NCGIA (National Science Foundations National
Center for Geographic Information and Analysis): A three-university consortium
funded to assist in GIS education, research, outreach, and information generation.
newsgroup: An area on the Internet
for asynchronous many-to-many discussions.
node: At first, any significant point
in a map data structure. Later, only those points with topological significance,
such as the ends of lines.
observation: The process of recording
an objective measurement.
Odyssey: A first generation GIS developed
at Harvard to implement the original arc/ node vector data structure.
on-line manual: A digital version of
a computer application manual available for searching and examination as required.
overlay weighting: Any system for map
overlay in which the separate thematic map layers are assigned unequal importance.
PC (Personal Computer): A self-contained
microcomputer, providing the necessary components for computing, including
hardware, software, and a user interface.
point feature: A geographic feature
recorded on a map as a location. Example: a single house.
prediction: The scientific ability
to forecast the outcome of a process in advance.
proceedings: The formal record of the
papers and other prepared presentations at a conference. Usually available
to conference attendees then distributed as a soft-cover book.
professional publication: Books, journals,
or other information designed primarily for those using GIS technology as
part of their job.
query: A question, especially if asked
of a database by the user via a database management system or GIS.
record: A set of values for all attributes
in a database. Equivalent to a row in a data table.
scientific approach: A method for rationally
explaining observations about the natural and human world.
search engine: A software tool designed to
search the Internet and the WWW for documents meeting the users query. Examples:
Yahoo and Alta Vista.
software package: A computer program
spatial data: Data that can be linked
to locations in geographic space, usually via features on a map.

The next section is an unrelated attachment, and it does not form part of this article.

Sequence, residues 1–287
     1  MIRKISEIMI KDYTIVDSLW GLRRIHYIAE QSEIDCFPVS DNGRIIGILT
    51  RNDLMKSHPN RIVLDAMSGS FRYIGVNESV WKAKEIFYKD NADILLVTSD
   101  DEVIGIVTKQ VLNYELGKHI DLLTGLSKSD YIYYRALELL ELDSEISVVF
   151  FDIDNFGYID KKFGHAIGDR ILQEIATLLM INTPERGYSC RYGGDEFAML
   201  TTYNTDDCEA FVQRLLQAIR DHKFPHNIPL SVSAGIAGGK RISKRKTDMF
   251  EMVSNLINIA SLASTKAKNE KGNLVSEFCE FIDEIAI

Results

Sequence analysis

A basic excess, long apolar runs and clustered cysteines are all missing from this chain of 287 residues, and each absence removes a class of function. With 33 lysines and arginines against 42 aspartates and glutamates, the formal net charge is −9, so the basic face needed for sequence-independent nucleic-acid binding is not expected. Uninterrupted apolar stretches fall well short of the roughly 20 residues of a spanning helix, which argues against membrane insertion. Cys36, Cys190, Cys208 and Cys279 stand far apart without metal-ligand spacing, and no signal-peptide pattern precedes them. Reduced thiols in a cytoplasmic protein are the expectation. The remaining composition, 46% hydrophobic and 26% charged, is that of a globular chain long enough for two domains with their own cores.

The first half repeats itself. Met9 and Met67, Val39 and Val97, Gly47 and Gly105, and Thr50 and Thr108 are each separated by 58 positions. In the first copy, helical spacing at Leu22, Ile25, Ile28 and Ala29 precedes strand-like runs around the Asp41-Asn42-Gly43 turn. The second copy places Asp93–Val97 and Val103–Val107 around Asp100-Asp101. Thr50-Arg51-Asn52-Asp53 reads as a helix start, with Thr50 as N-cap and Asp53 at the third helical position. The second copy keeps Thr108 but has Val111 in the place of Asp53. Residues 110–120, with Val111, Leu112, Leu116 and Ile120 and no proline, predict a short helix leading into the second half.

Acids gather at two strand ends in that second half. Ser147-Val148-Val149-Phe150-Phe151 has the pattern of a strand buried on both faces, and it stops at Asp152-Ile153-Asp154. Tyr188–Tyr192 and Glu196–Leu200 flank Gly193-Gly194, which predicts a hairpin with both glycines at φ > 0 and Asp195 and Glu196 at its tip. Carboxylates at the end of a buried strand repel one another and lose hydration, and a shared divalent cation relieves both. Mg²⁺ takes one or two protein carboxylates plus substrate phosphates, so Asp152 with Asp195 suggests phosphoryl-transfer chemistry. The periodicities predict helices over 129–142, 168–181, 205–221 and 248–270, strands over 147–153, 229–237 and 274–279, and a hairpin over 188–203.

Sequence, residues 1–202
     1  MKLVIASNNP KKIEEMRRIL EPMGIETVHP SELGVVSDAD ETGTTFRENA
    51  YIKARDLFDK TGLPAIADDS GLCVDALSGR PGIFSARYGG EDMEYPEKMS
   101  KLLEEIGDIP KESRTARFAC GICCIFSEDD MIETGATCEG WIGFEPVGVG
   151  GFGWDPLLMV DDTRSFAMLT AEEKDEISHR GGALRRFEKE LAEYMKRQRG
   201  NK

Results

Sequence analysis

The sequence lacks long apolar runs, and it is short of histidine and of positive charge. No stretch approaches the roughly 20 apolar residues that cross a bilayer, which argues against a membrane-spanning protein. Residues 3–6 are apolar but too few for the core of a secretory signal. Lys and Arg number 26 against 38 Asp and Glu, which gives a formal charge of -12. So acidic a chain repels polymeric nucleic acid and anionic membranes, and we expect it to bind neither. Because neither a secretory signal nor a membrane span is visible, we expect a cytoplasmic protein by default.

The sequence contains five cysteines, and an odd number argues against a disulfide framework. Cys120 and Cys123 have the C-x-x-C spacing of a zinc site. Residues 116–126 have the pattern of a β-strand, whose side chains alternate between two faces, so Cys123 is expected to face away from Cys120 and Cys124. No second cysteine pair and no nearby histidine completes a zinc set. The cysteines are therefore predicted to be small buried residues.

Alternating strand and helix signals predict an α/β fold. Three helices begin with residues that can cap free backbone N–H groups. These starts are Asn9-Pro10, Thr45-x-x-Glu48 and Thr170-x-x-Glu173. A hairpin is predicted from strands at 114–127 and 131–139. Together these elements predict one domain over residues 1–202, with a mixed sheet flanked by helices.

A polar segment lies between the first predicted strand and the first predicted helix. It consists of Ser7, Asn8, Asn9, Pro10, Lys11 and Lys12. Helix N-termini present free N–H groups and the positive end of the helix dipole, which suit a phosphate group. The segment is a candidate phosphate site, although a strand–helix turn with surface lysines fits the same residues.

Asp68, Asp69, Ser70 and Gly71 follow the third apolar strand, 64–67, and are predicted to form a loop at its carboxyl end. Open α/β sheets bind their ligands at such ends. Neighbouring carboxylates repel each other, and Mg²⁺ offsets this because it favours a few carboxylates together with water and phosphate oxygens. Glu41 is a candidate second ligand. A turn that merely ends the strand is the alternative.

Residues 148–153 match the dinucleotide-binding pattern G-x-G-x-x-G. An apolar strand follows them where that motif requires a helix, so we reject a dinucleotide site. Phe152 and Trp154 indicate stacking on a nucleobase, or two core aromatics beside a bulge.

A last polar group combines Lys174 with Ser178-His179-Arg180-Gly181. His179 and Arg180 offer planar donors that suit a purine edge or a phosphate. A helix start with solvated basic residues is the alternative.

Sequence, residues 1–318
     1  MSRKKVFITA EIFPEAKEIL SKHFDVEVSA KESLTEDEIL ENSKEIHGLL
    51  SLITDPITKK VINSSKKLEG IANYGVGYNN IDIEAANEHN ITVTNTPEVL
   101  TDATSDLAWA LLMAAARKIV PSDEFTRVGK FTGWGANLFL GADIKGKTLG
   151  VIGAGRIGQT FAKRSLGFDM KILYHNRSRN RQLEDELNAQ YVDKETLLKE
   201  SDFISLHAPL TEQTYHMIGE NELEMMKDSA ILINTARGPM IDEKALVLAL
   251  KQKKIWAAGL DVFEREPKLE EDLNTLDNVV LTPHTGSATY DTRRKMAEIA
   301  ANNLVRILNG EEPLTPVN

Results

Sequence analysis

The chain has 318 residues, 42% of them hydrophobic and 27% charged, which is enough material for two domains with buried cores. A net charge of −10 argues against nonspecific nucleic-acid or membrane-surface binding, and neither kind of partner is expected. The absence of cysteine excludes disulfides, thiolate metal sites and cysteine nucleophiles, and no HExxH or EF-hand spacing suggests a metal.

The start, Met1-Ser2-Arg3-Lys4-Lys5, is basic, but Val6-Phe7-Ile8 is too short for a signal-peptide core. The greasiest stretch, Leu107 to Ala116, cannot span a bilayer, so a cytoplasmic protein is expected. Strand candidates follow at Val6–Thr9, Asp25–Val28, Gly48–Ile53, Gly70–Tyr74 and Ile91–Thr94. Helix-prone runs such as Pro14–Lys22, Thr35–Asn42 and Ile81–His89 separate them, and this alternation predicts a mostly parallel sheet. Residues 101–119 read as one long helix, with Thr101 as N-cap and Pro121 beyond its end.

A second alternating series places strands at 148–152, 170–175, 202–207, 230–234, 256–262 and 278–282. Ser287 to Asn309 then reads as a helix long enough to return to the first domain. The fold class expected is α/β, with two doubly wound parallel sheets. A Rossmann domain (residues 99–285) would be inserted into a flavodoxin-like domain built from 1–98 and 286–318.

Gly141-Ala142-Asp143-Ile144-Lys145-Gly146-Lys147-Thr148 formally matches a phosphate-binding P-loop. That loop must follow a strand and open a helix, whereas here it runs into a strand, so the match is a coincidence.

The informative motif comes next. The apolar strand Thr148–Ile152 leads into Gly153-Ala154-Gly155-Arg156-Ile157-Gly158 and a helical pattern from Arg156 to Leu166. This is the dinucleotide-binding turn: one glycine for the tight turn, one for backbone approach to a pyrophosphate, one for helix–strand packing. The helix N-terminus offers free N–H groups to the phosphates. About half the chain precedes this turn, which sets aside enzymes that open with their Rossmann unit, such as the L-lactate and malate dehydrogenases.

spatial distribution: The locations
of features or measurements observed in geographic space.
spreadsheet: A computer program that
allows the user to enter numbers and text into a table with rows and columns
and then maintain and manipulate those numbers using the table structure.
thematic map: A map designed primarily
to show a "theme," a single spatial distribution or pattern, using
a specific map type.
topographic map: A map type showing
a limited set of features but including at the minimum information about elevations
or landforms. Example: contour maps. Topographic maps are common for navigation
and for use as reference maps.
topology: The numerical description
of the relationships between geographic features, as encoded by adjacency,
linkage, inclusion, or proximity. Thus a point can be inside a region, a line
can connect to others, and a region can have neighbors.
transparent overlay: An analog method
for map overlay, where maps are traced or photographed onto transparent paper
or film and then overlain mechanically.
U.S. Census Bureau: A part of the Department
of Commerce that provides maps in support of the decennial (every 10 years)
census of the United States, especially the census of population.
user group: Any formal or informal
organization of users of a system that share experiences, information, news,
or help among themselves.
USGS (U. S. Geological Survey): A part
of the Department of the Interior and a major provider of digital map data
for the United States.
vector: A map data structure using
the point or node and the connecting segment as the basic building block for
representing geographic features.
workstation: A computing device that
includes as a minimum a microprocessor, input and output devices, a display,
and hardware and software for connecting to a network. Workstations are designed
to be used together on local area networks, and to share data, software, and
World Data Bank: One of the first digital
maps of the world, published in two versions by the Central Intelligence Agency
in the 1960s.
World Wide Web (WWW or W3): A distributed
database of information stored on servers connected by the Internet.